24. 1) “You said reason was public.” You are distorting my words. Read what I wrote again: “In modern reason, evidence is shown at great detail for others to verify and test. In modern reason, there is no concept of something being ‘too sacred’ to share.” Don’t government physicists with security clearances show at great detail their evidence for others to verify and test? I have never heard of government not revealing information because it was “sacred.” Secret is not the same thing as sacred. The government keeps their research secret so as to not let criminals and competing states compromise it in some way, not because the knowledge might not be valued as actual knowledge by doubters and skeptics. A good many states have highly valued nuclear technology, which the US tried hard to keep secret, when they obtained it. Many believing LDS don’t share supposed evidence for their claims because of the milk/meat philosophy and the idea that you don’t cast pearls before swine. The belief is that if they share “sacred” personal “evidence” to a skeptic that they won’t regard their “sacred” experience to be real evidence. The idea is that you have to culturally condition someone first before sharing culture-specific evidence about some truth claim with them, for only then will they be more likely to accept your “sacred” experience as real evidence. Your equivalence just doesn’t work.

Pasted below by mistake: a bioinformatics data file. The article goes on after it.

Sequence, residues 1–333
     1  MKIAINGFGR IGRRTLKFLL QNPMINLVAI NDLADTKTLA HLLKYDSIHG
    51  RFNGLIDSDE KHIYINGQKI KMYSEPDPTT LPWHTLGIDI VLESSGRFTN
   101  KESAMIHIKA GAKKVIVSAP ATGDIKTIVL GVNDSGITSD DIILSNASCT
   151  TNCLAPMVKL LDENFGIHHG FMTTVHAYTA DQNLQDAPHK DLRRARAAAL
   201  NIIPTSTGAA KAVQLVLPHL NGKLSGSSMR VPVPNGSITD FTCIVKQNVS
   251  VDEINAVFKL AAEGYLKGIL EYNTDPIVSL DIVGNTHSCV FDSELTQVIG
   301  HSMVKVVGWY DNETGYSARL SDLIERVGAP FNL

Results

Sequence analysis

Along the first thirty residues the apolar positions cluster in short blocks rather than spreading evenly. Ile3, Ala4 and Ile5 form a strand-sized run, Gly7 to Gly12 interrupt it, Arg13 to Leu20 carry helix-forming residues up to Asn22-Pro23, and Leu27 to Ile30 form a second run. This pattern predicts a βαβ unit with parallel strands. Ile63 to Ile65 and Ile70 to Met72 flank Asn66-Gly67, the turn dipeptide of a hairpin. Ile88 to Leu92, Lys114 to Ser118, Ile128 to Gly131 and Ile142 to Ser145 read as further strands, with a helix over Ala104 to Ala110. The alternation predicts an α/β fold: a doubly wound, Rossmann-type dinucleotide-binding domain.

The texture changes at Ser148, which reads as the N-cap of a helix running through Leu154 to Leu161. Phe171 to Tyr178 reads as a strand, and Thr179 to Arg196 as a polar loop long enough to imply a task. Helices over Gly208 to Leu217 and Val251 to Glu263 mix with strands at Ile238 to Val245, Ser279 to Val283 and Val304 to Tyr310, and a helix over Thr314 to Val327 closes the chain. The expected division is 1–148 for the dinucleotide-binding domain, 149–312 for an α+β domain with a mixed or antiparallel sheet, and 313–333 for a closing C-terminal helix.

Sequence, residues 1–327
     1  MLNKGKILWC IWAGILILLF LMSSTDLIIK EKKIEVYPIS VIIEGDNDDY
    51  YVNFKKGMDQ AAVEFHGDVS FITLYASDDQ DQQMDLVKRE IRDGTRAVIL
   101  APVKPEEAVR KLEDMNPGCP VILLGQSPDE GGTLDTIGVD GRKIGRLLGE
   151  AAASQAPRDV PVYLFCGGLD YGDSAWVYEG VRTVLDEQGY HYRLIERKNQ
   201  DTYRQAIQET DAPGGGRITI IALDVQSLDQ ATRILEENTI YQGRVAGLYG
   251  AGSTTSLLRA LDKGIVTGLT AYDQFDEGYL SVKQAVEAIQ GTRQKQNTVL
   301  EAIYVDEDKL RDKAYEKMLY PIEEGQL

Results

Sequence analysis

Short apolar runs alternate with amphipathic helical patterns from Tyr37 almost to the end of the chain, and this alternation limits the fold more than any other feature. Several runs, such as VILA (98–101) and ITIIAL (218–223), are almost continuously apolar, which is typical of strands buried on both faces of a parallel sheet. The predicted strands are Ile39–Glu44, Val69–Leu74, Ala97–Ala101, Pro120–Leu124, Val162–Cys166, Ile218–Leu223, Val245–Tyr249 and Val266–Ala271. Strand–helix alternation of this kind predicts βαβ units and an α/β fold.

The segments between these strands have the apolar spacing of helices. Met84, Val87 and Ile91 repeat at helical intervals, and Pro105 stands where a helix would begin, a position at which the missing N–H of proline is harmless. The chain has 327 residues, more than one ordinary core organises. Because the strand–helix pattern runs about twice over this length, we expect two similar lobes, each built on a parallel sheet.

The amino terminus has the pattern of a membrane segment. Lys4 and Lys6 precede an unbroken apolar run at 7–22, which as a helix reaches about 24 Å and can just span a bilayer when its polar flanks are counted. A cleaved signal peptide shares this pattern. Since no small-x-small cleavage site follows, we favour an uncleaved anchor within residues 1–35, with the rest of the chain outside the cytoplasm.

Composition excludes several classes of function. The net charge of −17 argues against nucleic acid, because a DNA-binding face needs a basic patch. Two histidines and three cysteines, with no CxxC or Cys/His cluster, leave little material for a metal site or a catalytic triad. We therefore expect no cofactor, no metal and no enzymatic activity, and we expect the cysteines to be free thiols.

2) The verification that Joseph Smith saw God is culture-specific. In LDS culture, feeling the spirit is regarded as evidence of God revealing that Joseph Smith saw God. In order to get someone to accept this as evidence they have to be conditioned. In modern reason, there is no cultural conditioning needed to get people across cultures to accept something as true. And this is what sets reason apart from a good number of religions.